8. Mitch

    Great article Steve ! I agree 100%. Lets all try to become more sustainable. We are turning our 28 acre hobby farm into a more sustainable property. Planting trees, and be part of the land for wildlife program. And moving towards using renewable energy. (Changed the old poĺuting 2 stroke chainsaw to electric, charged by our solar panel system). Even small actions help. Lets all do our bit!

      • Rob Turner

        Yes, yes & YES! “A little done by a lot, will create momentum and change for good”. Please don’t underestimate the power of this statement. I believe that this is the simple ‘king Solomon’ solution to forging a path forward through the cacophony of ideologies, manipulators, pressure groups and factions. Thanks heaps for leading the way with your carbon sink Steve. A third of the earth’s land mass is desert and we now have the technology to re-forest deserts. Now is the best time to do that, while we have CO2 levels above 400ppm.

  9. Profile photo of Benny

    As always, Steve, I take my hat off to you for your straight talking. Evocative too, and I think we all need some of that. I’ve been wrestling with this whole climate change thing for some time. As you know, I am one of the older generation who (largely) disbelieves in the rhetoric of many today. But here’s the thing – I don’t disbelieve that we are having an impact. I am sure we are. Exactly how much, that I’m not so sure of. But I do struggle to understand why we are rallying to fix things we DON’T understand instead of concentrating on what we do !!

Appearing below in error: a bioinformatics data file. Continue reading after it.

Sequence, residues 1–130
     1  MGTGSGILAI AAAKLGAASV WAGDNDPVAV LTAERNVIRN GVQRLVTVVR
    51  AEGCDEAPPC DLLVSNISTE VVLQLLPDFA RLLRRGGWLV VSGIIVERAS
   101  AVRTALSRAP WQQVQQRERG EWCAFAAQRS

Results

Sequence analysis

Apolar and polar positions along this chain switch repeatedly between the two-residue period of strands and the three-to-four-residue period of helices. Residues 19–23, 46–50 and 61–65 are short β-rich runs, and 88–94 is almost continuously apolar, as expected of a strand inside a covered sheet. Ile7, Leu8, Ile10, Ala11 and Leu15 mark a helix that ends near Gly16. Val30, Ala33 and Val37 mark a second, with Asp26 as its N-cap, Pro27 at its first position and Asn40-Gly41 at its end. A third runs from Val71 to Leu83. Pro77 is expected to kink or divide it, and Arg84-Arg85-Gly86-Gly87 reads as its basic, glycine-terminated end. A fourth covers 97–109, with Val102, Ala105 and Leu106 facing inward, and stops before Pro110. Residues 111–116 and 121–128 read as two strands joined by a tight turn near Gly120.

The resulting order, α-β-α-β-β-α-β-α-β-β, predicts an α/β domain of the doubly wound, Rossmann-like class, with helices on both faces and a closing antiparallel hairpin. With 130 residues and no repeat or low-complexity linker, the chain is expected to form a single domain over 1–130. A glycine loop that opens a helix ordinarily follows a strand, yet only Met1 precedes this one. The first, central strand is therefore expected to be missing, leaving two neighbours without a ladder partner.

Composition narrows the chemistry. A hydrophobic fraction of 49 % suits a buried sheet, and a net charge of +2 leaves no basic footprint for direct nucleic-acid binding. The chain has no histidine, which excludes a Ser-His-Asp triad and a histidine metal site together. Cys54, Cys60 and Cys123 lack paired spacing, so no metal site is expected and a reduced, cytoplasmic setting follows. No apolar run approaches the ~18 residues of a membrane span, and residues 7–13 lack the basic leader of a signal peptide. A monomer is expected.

I hear cries of “It is better to do something than to do nothing about climate change” – and my best response is “Really? Like what?” Can’t we be a bit more specific about WHAT to do before we just race out to do it? Volcanoes and bush fires both have a HUGE impact on our environment – one of these we may have a chance of impacting – the other, no hope at all. What of volcanoes that erupt under water? Do these have an impact on CO2? And if they do, what can we do about them?